Tour de France Tech: New lightweight Mavic road shoes spotted

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It’s sheer speculation at this point, but it sure looks like Mavic has a new pair of ultra-light road shoes in the pipeline. Spotted this past week at the Tour de France, these slick-looking black and yellow numbers on the feet of Ag2r-La Mondiale star Christophe Riblon. We snapped these photos the day before the race kicked off, back on July 4 in Yorkshire, England. Since then the Frenchman and a few others in the Tour peloton have been spotted racing in the new kicks.

We reached out to Mavic in search of more details, but the French wheel and apparel maker isn’t ready to tell the whole story just yet. “It’s always the case that Mavic relies heavily on professional athletes for testing and validation of new products,” said communication manager Zack Vestal. “Any new footwear you see would be designed in close collaboration with our pro riders to meet their needs during demanding events like the Tour. So it’s safe to consider that we’re always working with riders to try new things and improve existing products.”

It seems pretty clear, though, that these are not one-off prototypes. In fact, we’d be really surprised if they weren’t ready for primetime unveiling at next month’s Eurobike cycling industry trade show in Germany.


Riblon was still dialing in cleat placement when we happened upon what looks like a new top-tier shoe offering from Mavic.

The most obvious difference between these shoes and Mavic’s current top-tier offering, the Zxellium Ultimate, is the closure mechanism. While that $450 offering utilizes a ratchet paired with two Velcro straps, these shoes have what appears to be a two-way Boa-like (but not Boa-branded) dial, plus two straps. That would imply a lighter weight than the already-wispy 250-gram claimed weight of the Zxellium Ultimates. Perhaps Mavic is looking to compete with the new Giro Empire SLX, which were launched just before the start of the Tour and have a claimed weight of 175 grams.


The other eye-catcher is the frame material around the heel and over the top of the foot. At first blush it looks a lot like carbon fiber, which would certainly add to a potential lightweight story. The Zxellium Ultimates have a similar looking material (labeled Energy Frame Carbon), but it’s used much more sparsely. The idea with the material would likely be to lighten the shoe by reducing the number of needed reinforcements, while retaining stiffness and foot support. We also get a pretty clear clue of the name, as the word “Cosmic” is striped across the heel.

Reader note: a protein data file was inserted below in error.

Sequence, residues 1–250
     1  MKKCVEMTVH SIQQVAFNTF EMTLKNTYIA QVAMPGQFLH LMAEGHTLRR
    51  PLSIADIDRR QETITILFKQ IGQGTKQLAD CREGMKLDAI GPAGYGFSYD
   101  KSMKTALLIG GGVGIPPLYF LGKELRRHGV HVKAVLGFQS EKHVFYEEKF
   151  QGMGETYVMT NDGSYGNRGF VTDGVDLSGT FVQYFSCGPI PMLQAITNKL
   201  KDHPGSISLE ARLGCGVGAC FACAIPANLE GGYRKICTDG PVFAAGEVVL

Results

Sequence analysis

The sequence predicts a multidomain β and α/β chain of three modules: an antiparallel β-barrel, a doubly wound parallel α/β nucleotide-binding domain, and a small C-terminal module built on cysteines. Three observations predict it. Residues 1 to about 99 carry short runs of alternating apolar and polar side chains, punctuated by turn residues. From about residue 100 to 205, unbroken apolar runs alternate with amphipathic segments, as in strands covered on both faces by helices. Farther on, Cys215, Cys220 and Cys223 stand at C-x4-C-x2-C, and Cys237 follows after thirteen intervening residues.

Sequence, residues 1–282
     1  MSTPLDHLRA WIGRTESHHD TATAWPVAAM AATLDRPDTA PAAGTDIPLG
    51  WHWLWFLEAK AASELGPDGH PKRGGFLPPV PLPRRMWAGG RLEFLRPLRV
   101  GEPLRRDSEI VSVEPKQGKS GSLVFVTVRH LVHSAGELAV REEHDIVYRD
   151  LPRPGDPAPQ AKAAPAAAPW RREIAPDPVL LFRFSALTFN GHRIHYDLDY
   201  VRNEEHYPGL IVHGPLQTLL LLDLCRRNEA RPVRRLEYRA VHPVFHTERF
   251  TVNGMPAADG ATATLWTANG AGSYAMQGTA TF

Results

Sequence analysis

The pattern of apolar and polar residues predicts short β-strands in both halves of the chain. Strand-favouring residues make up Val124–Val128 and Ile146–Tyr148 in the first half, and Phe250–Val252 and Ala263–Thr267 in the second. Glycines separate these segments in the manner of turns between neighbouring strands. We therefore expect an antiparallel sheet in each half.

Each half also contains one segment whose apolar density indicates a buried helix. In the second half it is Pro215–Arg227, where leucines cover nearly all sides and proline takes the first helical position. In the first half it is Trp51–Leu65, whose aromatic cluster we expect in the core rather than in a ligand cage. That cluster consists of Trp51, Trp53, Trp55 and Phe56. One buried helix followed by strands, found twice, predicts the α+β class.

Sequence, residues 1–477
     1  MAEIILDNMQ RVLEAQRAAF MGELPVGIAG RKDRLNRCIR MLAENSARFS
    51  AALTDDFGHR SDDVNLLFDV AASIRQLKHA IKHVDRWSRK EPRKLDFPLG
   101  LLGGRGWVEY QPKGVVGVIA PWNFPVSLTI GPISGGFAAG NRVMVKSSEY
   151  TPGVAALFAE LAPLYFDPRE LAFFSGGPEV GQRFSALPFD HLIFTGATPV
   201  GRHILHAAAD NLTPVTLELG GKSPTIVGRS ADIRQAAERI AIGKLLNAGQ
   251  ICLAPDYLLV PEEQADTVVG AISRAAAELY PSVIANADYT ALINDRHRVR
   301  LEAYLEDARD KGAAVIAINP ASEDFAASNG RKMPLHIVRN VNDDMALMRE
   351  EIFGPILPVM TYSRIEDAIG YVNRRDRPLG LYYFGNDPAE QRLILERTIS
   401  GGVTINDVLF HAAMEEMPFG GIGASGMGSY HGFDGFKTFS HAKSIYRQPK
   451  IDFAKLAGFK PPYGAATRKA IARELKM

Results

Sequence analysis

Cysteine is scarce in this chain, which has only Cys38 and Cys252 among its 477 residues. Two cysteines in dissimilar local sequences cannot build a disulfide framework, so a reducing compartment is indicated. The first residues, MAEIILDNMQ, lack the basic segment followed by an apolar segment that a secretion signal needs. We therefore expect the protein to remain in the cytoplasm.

Heel security looks to come from reinforcing material at the back of the shoe (Energy Lock Carbon Comp), which would be one step ahead of the Zxellium Ultimates, which have a Energy Lock Carbon 3D heel counter. The outsole is the same as the Zxellium Ultimates, full composite labeled, “Energy Full Carbon SLR.” That’s about all we know for now, but expect more details to come out during trade show season in August and September.

heels pair


About the author: Jason Sumner

An avid cyclist, Jason Sumner has been writing about two-wheeled pursuits of all kinds since 1999. He’s covered the Tour de France, the Olympic Games, and dozens of other international cycling events. He also likes to throw himself into the fray, penning first-person accounts of cycling adventures all over the globe. Sumner, who joined the / staff in 2013, has also done extensive gear testing and is the author of the cycling guide book "75 Classic Rides: Colorado." When not writing or riding, the native Coloradoan can be found enjoying time with his wife Lisa and daughter Cora.

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